Breaking down the Barrier: Understanding Dysphasia vs Aphasia

What’s the Difference between Dysphasia and Aphasia?

Dysphasia is a condition that impedes your ability to produce and understand spoken language. It can also affect how you read, write, and gesture. It has similar symptoms as other conditions, so it is often mistaken for other disorders. For example, it is sometimes mistaken for dysarthria, a speech impairment. It may also be confused with dysphasia, a swallowing disorder.

Aphasia is however, a language disorder that occurs when the region of the brain responsible for converting thoughts into spoken language are damaged and can’t function properly. People with this disorder usually find it difficult to communicate verbally.  Dysphasia is commonly caused by brain damage. Studies show that strokes are the most common cause of brain damage. Other causes may include tumors, head injuries, and infections.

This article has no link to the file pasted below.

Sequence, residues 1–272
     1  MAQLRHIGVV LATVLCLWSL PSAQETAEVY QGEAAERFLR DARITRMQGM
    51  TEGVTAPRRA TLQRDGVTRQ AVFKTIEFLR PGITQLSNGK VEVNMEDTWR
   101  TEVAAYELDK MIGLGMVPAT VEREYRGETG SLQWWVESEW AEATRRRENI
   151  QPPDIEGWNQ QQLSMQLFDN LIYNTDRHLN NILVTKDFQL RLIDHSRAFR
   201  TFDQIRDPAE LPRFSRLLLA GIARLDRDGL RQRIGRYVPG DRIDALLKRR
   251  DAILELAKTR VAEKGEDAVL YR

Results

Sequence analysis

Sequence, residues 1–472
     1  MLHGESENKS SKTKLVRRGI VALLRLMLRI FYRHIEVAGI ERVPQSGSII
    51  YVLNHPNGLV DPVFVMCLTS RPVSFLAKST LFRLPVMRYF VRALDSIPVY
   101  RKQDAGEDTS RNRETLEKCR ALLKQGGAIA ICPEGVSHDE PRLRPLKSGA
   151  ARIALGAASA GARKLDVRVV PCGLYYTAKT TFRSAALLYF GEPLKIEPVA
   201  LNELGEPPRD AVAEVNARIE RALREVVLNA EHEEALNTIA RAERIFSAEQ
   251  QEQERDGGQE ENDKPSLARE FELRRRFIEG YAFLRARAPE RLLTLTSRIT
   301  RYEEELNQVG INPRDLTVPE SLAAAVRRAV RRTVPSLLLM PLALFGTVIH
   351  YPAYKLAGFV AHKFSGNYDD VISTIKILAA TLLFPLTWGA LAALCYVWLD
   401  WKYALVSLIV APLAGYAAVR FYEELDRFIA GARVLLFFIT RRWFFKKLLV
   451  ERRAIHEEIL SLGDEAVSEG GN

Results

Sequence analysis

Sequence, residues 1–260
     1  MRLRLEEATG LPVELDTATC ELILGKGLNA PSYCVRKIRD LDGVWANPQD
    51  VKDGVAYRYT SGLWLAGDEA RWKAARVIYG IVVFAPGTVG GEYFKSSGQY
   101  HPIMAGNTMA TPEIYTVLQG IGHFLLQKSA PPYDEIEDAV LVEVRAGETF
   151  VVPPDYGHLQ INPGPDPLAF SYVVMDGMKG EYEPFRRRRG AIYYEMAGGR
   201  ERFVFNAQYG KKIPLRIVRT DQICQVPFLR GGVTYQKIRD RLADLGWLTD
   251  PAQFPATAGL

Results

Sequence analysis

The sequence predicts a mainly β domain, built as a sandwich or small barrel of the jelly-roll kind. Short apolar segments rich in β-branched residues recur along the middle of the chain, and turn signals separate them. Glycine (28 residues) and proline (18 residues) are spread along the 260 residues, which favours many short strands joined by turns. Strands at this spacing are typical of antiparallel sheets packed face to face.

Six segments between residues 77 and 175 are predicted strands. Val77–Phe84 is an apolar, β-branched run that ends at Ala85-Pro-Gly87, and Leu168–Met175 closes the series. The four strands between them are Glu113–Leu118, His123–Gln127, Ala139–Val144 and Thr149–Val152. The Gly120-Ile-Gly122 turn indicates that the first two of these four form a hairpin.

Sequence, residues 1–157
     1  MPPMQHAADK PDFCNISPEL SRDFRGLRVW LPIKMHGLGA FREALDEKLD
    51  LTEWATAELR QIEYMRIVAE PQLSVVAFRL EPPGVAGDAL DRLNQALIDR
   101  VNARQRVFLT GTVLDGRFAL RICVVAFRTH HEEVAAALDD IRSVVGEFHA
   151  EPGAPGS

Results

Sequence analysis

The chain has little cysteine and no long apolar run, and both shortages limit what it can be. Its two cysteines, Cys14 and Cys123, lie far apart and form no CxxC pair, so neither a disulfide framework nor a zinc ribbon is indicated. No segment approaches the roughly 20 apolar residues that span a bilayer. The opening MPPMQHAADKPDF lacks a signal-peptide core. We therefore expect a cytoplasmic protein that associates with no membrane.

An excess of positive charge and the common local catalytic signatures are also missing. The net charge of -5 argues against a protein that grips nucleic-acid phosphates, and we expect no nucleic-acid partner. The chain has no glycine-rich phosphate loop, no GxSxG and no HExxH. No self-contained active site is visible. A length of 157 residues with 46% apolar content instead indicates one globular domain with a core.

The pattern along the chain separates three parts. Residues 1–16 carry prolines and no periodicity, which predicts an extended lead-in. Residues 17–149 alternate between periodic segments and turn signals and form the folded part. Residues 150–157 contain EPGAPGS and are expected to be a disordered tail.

Dysphasia and aphasia have the same symptoms and causes. Several studies show that aphasia is more severe, and is characterized by a complete loss of comprehension and speech abilities. On the other hand, dysphasia is only characterized by moderate language impairments [1].

However, many scientists and researchers use aphasia and dysphasia interchangeably to refer to complete and partial impairments of language abilities. Aphasia is commonly used in North America, while dysphasia is more common in other regions of the world.